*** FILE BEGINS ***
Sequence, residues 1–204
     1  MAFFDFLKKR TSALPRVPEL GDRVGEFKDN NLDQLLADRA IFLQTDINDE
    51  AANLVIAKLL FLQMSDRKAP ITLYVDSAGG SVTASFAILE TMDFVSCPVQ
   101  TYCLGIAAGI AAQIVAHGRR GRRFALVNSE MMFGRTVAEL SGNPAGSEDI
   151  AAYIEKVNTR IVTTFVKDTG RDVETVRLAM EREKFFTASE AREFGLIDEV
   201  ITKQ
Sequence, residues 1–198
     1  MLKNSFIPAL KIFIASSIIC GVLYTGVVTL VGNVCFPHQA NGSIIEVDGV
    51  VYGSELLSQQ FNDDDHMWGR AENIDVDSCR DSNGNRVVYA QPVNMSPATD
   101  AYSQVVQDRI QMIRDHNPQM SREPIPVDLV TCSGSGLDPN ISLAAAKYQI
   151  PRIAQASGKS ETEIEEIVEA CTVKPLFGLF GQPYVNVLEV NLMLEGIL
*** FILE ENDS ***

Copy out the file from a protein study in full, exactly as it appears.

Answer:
Sequence, residues 1–204
     1  MAFFDFLKKR TSALPRVPEL GDRVGEFKDN NLDQLLADRA IFLQTDINDE
    51  AANLVIAKLL FLQMSDRKAP ITLYVDSAGG SVTASFAILE TMDFVSCPVQ
   101  TYCLGIAAGI AAQIVAHGRR GRRFALVNSE MMFGRTVAEL SGNPAGSEDI
   151  AAYIEKVNTR IVTTFVKDTG RDVETVRLAM EREKFFTASE AREFGLIDEV
   201  ITKQ
Sequence, residues 1–198
     1  MLKNSFIPAL KIFIASSIIC GVLYTGVVTL VGNVCFPHQA NGSIIEVDGV
    51  VYGSELLSQQ FNDDDHMWGR AENIDVDSCR DSNGNRVVYA QPVNMSPATD
   101  AYSQVVQDRI QMIRDHNPQM SREPIPVDLV TCSGSGLDPN ISLAAAKYQI
   151  PRIAQASGKS ETEIEEIVEA CTVKPLFGLF GQPYVNVLEV NLMLEGIL